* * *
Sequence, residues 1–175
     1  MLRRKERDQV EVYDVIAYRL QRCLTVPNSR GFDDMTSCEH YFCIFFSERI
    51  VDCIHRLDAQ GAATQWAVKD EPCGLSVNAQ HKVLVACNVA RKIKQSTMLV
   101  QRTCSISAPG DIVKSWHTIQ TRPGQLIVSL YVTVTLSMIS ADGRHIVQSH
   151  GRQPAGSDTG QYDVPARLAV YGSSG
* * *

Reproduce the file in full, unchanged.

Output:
Sequence, residues 1–175
     1  MLRRKERDQV EVYDVIAYRL QRCLTVPNSR GFDDMTSCEH YFCIFFSERI
    51  VDCIHRLDAQ GAATQWAVKD EPCGLSVNAQ HKVLVACNVA RKIKQSTMLV
   101  QRTCSISAPG DIVKSWHTIQ TRPGQLIVSL YVTVTLSMIS ADGRHIVQSH
   151  GRQPAGSDTG QYDVPARLAV YGSSG